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>> reporter: hi, michael. this is the first time we're hearing details, actual transcripts into allegations the duchess of cambridge, then kate middleton's phone, had been hacked by news of the world. in open court today the prosecutor reading some transcripts from voice mails they say obtained by police during the course of the investigation. one of the incidents -- voice mails dates back to 2006, when prince william was undergoing military exercises at sandhurst, left a voice mail. prosecution says for kate middleton in which he describes nearly being shot by blank rounds. let me read you the transcript read in open court in london today. he left a message saying, hi, baby. sorry, i've just got back in off my night navigation exercise. he goes on to say, i had a busy day today. again, i've been running around the wood of aldershot chasing
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shadows and getting horribly lost, and i walked into other regiment's ambush which was slightly embarrassing because i nearly got shot. not live rounds but blank rounds which would have been very embarrassing, though. embarrassing for prince william to the intimate phone message read in open court. the prosecution added a similar news story appeared in an edition of "news of the world" in which prince william is shot by blank rounds during military exercise. prosecution arguing that this shows that "news of the world" at the time using these voice mails to inform its news stories. it's the latest revelation of the trial of two editors, and five former news of the world employees. they're charged with conspiracy to intercept voice mail messages between years of 2000 and 2006,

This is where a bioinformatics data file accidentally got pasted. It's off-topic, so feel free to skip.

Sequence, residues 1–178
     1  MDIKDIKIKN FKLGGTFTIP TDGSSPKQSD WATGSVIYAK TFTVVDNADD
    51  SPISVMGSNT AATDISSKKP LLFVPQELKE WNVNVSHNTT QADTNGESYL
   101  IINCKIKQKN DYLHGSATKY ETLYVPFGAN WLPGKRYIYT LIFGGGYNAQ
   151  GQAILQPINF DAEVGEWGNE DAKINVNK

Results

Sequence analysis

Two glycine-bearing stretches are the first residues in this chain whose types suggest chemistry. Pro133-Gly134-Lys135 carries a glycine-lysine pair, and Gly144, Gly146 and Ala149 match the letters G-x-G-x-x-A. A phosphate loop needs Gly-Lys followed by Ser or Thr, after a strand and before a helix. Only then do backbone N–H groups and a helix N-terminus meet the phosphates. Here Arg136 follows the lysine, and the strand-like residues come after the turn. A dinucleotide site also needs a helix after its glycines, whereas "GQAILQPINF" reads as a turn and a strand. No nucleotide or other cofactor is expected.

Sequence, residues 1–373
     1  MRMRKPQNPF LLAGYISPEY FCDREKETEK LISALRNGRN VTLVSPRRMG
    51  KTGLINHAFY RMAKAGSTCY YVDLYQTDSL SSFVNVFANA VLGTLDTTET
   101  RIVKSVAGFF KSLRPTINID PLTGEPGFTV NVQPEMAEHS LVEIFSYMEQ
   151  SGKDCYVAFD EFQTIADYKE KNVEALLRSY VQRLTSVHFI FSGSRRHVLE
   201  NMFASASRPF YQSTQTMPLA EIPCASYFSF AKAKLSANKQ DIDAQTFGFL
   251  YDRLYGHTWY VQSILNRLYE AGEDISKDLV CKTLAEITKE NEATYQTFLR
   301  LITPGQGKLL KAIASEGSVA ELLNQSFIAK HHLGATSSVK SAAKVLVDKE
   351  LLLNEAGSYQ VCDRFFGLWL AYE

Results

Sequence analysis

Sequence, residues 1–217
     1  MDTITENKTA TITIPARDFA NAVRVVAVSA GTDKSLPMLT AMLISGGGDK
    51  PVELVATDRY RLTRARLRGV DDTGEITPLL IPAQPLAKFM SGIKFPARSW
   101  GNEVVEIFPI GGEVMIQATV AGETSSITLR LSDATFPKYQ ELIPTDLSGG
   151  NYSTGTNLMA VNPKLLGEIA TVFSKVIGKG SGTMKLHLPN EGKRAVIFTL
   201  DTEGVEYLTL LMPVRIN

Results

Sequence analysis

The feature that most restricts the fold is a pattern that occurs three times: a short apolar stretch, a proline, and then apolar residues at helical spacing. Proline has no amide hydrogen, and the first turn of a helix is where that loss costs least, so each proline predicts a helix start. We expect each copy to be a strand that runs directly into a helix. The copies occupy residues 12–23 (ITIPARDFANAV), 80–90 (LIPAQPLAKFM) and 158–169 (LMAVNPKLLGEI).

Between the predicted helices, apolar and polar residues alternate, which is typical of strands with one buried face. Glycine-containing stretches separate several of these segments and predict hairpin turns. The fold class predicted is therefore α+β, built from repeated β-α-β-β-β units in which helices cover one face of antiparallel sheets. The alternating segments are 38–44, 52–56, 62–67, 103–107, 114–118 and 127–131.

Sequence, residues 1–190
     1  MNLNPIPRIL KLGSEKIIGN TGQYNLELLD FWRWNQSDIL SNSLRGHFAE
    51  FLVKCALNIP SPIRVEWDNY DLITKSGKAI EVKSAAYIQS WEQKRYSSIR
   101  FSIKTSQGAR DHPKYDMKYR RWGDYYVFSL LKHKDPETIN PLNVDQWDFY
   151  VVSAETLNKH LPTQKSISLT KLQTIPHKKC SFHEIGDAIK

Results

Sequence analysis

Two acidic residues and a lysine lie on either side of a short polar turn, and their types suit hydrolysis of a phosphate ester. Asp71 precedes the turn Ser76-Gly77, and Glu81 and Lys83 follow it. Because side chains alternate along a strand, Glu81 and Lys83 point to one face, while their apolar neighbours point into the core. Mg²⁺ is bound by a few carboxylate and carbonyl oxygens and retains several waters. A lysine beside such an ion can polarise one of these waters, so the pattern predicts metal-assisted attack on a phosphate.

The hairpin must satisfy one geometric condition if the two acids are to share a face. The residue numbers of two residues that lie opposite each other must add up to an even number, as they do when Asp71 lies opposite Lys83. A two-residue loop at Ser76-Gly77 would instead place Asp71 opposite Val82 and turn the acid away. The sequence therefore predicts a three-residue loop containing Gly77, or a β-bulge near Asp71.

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charges that the defendants deny. >> all right. thanks so much. outside court, covering that all day. >> embarrassing, indeed, it all comes now. >> involved dozens of people, too, hacking into. the widespread collection of the phone and e-mail records by the nsa, though, they need more judicial oversight, public transparency. two of the some 40 recommendations in a new report about the agency's surveillance of electronic communications. >> this is a review ordered by president obama in the wake of the stunning revelations by nsa leader edward snowden. one prominent democrat said it showed the nsa overstepped its bounds. >> the message is very clear, the message to the nsa is now coming from every branch of government, from every corner of our nation. nsa, you've gone too far.
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>> wolf blitzer joining us washington. wolf, give us a sense here of president obama, he began the administration promising less secrecy, more transparency, how willing is the white house willing to adopt some of these recommendations? how is the intelligence community also reacting to these reforms? >> i think it will adopt some of those, maybe even most of those, 46 recommendations. some he clearly won't adopt, one already trying to split off the head of the cybercommand from the nsa, make sure there are two people instead of one person in charge of both. that apparently the white house has already rejected. but i think a lot of these 46 recommendations he'll accept. he's taking all of the recommendations all of the background reports, information, on vacation with him to hawaii. they're leaving this week. among those recommendations, greater judicial oversight, more public transparency, same privacy for u.s. citizens and foreigners who are in the united states urging government support for encryption standards and